2 Intelligence Community Assessment: Assessing Russian Activities and Intentions inRecent U.S. Elections, 6 January 2017. P.ii. 3 Intelligence Community Assessment: Assessing Russian Activities and Intentions in Recent U.S. Elections, 6 January 2017.P.ii.

4 Intelligence Community Assessment: Assessing Russian Activities and Intentions in Recent U.S. Elections, 6 January 2017. P.2.

Much more at the link. Or just click here for the report: SSCI ICA ASSESSMENT_FINALJULY3

Right now the Man from Lajes begins planning for his next gambit…

Stay clandestine.

Open thread!



The Senate Judiciary Committee Democratic Minority Report

Cheryl assigned me the homework of asked if I’d go through the Senate Judiciary Committee Democratic minority report on Russian active measures interference in the 2016 presidential campaign. The report can be found at this link. I want to highlight this important caveat from the final paragraph on page 1 (emphasis mine):

We still do not know the full story about the June 9 meeting at Trump Tower or, more broadly, the degree to which the campaign cooperated or communicated with Russia. 1 While Senate Judiciary Democrats have sought to conduct a robust and independent investigation, the lack of bipartisan agreement on what to investigate has limited the Committee’s examination of Russian interference in the 2016 election and who was involved. The Committee’s progress has also been hampered by the lack of cooperation from several key witnesses, identified in the Appendix that accompanies these findings. As a result, the Committee has been unable to answer a number of questions regarding contacts between the Trump campaign and Russia.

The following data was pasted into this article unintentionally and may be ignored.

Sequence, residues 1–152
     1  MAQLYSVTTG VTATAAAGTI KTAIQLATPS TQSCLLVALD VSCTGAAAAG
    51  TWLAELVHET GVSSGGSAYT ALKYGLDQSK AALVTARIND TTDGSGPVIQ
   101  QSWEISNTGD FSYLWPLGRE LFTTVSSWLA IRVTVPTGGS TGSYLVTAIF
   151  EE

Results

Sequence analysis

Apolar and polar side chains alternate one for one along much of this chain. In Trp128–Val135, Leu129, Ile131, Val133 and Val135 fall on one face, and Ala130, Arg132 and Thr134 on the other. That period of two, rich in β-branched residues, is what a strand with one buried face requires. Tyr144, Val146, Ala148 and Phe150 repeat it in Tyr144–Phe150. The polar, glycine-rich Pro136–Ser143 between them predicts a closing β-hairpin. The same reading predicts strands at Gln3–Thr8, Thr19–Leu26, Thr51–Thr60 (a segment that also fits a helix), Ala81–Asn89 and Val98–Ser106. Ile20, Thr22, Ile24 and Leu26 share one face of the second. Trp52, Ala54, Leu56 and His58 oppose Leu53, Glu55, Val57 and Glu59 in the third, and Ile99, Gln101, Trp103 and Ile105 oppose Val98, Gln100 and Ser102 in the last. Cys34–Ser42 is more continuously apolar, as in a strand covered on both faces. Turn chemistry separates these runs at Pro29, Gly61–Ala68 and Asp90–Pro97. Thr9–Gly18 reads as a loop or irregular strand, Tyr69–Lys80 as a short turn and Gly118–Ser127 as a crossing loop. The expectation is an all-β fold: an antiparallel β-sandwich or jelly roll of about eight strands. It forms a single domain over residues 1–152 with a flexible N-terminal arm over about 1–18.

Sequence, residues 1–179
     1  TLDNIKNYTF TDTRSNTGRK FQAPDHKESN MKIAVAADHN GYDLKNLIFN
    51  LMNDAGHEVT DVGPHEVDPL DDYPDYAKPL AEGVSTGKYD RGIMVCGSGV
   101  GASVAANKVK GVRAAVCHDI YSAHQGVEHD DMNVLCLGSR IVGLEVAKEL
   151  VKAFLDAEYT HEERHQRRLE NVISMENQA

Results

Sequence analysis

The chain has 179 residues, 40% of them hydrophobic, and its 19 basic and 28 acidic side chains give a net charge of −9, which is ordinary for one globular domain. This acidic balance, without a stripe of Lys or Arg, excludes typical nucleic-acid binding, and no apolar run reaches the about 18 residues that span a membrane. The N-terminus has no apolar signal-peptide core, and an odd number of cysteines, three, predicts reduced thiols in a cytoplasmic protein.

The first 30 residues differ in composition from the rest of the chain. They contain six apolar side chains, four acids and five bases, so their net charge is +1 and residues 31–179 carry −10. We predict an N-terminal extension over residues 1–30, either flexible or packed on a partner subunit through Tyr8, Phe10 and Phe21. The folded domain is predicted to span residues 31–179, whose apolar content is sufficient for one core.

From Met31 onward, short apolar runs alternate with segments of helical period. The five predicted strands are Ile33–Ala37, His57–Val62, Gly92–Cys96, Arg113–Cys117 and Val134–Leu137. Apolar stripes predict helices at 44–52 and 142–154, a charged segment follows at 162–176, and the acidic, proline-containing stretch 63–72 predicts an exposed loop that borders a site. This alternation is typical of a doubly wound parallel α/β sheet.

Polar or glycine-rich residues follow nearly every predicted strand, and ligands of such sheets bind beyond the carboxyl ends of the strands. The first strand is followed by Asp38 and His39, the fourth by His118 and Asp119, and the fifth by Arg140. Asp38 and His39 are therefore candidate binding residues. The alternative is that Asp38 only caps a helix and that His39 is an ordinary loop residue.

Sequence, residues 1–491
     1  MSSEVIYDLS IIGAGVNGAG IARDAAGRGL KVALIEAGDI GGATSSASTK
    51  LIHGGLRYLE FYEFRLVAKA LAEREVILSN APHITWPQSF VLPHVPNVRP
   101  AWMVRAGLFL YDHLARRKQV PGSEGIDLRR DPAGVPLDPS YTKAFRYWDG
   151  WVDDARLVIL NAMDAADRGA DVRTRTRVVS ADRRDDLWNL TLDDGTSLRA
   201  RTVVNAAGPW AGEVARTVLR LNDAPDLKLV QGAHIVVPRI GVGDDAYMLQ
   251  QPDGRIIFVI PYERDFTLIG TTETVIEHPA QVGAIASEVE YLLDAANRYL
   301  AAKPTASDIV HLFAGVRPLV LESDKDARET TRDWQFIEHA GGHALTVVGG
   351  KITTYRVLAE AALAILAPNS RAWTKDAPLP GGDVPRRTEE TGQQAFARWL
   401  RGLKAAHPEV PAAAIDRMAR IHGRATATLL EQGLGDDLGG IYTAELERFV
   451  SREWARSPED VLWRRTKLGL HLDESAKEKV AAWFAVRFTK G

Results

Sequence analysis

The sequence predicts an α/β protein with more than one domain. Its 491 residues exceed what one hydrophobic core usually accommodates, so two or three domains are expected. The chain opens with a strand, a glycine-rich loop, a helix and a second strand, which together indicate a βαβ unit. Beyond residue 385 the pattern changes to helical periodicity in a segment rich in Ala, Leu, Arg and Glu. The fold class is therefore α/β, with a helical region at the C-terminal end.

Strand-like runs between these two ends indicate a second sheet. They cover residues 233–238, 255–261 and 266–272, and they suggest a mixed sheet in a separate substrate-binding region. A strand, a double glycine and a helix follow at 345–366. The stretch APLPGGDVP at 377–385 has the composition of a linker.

The Democratic minority on the committee is telling us right up front that the committee has really not been able to conduct a proper investigation up to this point. From the news reporting, my take is that the Senate Judiciary Committee investigation has been better than the House Permanent Select Committee on Intelligence’s, but not as seemingly good as the Senate Select Committee on Intelligence’s. So Senator Grassley has been better than Congressman Nunes in conducting his duties, but not as good as Senator Burr. While you’d like to see these committees actually doing their jobs, that is not possible right now given the ongoing corruption of congressional Republicans as the President remakes the GOP in his own image. While Senator Burr and Senator Warner seem to be on track, unless or until the Democrats were to retake the majority in either or both chambers, the real action will remain with Special Counsel Mueller and his various investigations.

The first thing that really jumped out at me is just how sloppy the players involved were. Especially in regard to their communications. While a lot of what is in the report, both substantive factual information and about the various individuals involved, has been previously reported, this sloppiness just sort of screams at the reader. For instance (emphasis mine):